Emily Bay:
Voted in the top 100 Australian beaches Emily Bay is a crescent of golden sand backed by beach grass and pines. Set in World Heritage listed area of Kingston, this sheltered reefed lagoon is home to a variety of fish and hard and soft coral. The water is clean and crystal clear and most importantly safe for swimming and perfect for snorkelling.

History

Norfolk Island’s beautiful shores have a very interesting past. The Polynesians were the first inhabitants of Norfolk, 800 years before it was first seen by Captain Cook in 1774. From 1788 until 1855 it was used as a penal colony. After 1855 Queen Victoria handed the island over to the descendants of the mutineers from the HMS Bounty and about a third of the present population is descended from the 194 Pitcairners who arrived in1856. This was a new chapter for the island and on the 8 June each year, the Norfolk Islanders celebrate Bounty Day commemorating that day in 1856 when the entire Pitcairn Island community arrived upon Kingston to greet their new home.


Visitors to the island can explore this history in a variety of ways. A visit to ‘Fletcher’s Mutiny Cyclorama’ is a must. The cyclorama is a 360° painting created by local artists Sue Draper and Tracey Yager depicting the Mutiny on the Bounty story, hence the descendants settling on Norfolk Island in 1856. All four of Norfolk Island’s settlements are centred around the world heritage listed Kingston. The Kingston and Arthurs Vale Historic Area (KAVHA), is significant as the only site in Australia to display evidence of early Polynesian settlement. The 617 acre (250 hectare) site includes four fascinating layers of history and occupation. Primarily, the site comprises a large group of buildings and archaeological sites and ruins from the Penal Convict Settlement 1824-1855 with evidence of buildings from the earlier Colonial Convict Settlement 1788-1814 and an exceptional cultural landscape, evocative of the convict era. There are also archaeological remains from the pre-European Polynesian Settlement before 1788.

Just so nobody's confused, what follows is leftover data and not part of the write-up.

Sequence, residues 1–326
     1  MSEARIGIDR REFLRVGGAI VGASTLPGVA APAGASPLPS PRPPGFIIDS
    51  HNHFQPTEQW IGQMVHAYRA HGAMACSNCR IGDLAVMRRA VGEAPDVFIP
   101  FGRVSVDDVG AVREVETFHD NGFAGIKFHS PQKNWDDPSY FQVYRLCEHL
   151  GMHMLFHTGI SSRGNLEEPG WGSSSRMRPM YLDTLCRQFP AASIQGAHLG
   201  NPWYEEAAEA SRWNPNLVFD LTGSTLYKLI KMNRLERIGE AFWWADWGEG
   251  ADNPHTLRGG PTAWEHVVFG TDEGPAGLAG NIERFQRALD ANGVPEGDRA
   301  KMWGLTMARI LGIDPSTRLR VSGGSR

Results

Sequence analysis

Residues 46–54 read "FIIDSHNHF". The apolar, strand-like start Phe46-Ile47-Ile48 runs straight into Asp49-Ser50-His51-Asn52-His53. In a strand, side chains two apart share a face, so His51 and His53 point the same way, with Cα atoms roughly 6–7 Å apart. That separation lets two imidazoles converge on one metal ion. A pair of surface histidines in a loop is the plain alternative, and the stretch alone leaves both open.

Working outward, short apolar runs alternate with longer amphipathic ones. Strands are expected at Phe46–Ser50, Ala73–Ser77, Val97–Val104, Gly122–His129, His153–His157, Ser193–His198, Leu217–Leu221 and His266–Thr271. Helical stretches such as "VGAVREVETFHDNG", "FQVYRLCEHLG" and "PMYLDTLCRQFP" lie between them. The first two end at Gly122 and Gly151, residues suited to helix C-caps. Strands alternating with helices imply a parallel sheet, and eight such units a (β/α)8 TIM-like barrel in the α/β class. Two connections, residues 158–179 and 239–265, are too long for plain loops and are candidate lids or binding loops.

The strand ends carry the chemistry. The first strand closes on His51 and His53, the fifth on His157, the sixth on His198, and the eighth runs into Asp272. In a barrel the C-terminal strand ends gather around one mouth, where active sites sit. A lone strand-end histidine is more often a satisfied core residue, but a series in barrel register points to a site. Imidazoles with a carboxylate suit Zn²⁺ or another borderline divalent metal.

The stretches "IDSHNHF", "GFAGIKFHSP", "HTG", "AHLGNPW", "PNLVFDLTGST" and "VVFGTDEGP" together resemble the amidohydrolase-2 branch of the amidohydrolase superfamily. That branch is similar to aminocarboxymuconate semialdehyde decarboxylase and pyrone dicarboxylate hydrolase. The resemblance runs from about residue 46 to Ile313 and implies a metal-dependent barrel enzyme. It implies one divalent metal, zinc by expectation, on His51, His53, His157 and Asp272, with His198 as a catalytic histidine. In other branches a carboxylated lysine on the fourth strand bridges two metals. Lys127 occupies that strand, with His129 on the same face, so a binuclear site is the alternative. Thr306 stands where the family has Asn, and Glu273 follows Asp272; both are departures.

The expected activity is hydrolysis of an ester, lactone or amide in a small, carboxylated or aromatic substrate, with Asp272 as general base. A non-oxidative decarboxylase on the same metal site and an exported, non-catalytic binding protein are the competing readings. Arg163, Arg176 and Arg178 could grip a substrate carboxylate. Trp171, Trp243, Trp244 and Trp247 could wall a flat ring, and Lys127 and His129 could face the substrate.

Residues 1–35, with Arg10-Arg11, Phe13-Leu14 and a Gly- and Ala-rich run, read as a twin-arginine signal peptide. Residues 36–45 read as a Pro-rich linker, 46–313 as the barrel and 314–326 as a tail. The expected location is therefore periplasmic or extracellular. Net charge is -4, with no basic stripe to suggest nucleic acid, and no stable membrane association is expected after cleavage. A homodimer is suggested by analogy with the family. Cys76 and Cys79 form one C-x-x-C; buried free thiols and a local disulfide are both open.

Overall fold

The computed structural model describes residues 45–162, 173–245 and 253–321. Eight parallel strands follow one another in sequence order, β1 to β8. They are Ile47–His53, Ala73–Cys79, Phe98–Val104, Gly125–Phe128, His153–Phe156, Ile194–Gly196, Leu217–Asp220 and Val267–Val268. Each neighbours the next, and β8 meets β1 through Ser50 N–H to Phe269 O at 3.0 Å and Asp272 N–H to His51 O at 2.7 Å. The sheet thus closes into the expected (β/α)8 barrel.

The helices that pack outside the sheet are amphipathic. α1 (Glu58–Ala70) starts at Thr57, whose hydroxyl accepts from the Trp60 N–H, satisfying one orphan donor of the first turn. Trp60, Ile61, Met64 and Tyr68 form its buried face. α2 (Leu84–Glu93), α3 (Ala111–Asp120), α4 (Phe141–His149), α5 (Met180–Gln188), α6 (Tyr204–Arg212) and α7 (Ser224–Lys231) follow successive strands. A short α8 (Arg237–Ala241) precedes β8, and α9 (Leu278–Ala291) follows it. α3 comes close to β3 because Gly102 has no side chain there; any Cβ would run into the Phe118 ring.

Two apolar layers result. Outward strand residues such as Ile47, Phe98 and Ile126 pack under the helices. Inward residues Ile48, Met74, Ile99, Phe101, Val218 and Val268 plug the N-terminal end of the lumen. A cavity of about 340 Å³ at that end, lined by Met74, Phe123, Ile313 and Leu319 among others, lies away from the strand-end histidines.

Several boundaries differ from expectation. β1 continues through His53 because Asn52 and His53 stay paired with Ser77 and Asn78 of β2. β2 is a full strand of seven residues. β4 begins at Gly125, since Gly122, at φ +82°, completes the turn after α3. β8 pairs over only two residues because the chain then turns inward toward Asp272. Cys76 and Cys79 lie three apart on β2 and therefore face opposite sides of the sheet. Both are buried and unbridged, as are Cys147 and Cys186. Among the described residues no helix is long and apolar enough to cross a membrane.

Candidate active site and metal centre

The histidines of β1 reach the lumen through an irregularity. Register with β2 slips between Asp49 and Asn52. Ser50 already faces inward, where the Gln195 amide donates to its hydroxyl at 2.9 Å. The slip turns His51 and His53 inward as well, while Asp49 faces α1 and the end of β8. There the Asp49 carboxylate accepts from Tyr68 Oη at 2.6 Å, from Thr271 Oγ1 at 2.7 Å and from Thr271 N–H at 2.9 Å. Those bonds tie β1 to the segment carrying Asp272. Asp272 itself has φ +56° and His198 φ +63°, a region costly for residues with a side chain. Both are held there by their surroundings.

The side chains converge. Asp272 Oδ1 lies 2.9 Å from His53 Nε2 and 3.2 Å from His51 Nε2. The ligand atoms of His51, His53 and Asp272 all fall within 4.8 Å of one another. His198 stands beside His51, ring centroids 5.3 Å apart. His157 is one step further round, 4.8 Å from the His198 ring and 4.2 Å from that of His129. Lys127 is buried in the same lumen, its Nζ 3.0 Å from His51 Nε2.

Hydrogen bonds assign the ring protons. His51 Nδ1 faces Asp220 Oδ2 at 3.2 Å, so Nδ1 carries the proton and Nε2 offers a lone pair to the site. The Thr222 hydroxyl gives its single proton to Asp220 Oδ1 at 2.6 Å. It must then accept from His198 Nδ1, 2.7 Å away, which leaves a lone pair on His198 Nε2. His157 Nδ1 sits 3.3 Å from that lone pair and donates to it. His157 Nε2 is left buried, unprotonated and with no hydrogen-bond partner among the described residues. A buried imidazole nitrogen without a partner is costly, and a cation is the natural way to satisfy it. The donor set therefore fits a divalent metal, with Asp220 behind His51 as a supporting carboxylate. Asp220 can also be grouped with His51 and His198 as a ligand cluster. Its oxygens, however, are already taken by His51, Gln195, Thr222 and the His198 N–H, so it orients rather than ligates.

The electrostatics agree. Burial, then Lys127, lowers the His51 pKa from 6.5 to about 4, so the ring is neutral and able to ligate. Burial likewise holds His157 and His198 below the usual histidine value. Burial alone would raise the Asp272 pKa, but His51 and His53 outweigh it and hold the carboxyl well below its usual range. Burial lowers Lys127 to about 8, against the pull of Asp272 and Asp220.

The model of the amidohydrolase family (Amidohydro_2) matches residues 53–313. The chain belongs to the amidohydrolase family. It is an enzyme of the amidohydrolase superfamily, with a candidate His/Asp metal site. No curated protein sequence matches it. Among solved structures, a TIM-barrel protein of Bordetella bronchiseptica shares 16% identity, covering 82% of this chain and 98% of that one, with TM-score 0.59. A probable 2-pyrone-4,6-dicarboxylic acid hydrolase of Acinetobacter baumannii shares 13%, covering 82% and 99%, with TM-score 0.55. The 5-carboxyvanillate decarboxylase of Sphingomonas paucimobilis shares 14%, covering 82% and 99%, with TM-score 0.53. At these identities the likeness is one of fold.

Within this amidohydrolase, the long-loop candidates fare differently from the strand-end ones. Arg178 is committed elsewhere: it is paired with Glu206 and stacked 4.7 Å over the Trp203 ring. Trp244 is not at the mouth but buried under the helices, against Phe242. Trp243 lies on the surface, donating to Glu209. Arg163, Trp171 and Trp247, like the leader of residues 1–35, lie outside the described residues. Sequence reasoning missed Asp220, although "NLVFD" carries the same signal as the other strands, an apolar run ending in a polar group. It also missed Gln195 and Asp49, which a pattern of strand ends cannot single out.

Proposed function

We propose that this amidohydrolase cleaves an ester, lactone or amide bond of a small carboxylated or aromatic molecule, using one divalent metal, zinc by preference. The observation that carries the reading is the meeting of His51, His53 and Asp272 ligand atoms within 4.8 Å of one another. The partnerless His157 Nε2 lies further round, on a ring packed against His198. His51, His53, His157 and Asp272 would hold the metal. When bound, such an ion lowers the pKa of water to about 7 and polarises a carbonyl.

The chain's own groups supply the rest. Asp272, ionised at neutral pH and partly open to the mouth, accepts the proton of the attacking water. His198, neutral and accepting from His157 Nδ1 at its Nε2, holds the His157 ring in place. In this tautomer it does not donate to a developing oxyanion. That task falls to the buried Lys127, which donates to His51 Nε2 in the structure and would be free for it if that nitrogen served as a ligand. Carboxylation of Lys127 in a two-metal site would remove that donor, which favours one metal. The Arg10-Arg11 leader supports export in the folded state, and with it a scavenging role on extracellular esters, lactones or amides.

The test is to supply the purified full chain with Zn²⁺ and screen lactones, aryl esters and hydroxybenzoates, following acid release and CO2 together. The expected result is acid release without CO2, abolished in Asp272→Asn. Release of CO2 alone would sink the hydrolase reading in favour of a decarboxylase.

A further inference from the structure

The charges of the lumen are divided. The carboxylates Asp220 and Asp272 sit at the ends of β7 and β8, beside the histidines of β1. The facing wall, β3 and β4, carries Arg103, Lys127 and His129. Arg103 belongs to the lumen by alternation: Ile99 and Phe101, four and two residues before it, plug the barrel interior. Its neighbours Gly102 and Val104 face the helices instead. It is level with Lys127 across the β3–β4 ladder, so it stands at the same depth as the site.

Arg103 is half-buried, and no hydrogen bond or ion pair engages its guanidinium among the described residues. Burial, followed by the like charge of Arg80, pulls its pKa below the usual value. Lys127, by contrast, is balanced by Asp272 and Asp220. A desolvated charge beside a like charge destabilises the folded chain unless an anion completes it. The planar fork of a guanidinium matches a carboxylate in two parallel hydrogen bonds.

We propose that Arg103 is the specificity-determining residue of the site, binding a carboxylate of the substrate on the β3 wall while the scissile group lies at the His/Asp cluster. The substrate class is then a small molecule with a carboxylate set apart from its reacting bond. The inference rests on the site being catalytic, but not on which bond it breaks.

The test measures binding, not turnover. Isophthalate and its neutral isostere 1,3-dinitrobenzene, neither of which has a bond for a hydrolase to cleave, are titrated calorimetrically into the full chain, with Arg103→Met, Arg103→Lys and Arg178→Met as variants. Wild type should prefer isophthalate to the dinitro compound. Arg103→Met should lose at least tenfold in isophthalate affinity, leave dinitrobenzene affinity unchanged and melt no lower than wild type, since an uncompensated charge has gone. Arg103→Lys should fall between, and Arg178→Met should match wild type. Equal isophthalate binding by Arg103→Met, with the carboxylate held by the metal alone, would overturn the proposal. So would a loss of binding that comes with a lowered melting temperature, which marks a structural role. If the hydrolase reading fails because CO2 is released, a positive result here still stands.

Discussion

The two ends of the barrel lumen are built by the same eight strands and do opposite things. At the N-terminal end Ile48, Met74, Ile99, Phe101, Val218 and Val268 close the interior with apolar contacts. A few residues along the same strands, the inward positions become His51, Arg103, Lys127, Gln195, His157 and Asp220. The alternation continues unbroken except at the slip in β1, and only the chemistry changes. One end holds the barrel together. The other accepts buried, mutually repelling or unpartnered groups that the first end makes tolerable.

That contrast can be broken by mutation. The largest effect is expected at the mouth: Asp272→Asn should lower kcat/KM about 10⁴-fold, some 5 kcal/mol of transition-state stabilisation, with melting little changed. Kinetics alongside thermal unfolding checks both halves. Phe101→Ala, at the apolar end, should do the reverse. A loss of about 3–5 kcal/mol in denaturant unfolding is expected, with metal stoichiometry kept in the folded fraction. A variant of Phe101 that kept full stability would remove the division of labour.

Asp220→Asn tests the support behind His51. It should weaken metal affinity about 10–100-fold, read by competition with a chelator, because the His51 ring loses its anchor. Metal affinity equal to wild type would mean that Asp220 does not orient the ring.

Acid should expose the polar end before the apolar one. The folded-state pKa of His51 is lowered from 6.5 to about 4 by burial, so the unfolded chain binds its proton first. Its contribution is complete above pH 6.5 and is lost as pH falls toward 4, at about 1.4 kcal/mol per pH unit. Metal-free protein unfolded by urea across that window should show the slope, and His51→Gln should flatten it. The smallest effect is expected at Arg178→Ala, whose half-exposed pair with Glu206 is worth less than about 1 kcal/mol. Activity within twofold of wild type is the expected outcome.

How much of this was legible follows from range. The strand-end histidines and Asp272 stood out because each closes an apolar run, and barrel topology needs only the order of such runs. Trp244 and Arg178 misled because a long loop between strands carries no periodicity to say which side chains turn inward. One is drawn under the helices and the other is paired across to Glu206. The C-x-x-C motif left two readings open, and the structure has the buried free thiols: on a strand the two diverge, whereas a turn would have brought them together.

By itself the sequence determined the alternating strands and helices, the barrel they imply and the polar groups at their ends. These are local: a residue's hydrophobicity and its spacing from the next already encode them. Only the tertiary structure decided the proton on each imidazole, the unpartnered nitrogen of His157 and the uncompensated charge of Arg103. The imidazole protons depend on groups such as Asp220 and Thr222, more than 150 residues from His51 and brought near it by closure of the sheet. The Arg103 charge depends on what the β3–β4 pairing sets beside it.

Flora and Fauna

The green rolling hills, lagoon-fringed shoreline, treasure-filled rock pools, soaring seabirds and stately Norfolk Island pines are part of the island’s backdrop – a combination of country charm and seaside serenity. The majestic Norfolk Island pine is world famous and  the island is also home to around 60 other plant species found nowhere else on the planet, including the world’s tallest tree fern or one can shelter among majestic Moreton Bay figs.

The birds of Norfolk Island are everywhere to  be found – White Terns fluttering through the pines, Red-Tailed Tropic birds gliding past the sheer cliffs and one of the world’s rarest birds – the Green Parrot, found only on Norfolk Island. The uninhabited satellite islands of Phillip and Nepean are important breeding sites for at least 12 species of seabirds and home to several endemic plants and animals.

Although Norfolk Island is only 35 square kilometres (13.5 square miles) in size, the protected National Park covers over 5 square kilometres (1.9 square miles) and offers more than 8 kilometres (4.9 miles) of incredibly picturesque walking trails. Rising from the ocean depths are spectacular natural sculptures with names including Elephant Rock and Cathedral Rock and a snorkel on the water’s surface reveals an abundant marine wonderland of tropical fish and coral. And one can stand atop Mt Pitt for absolute 360° views over the island.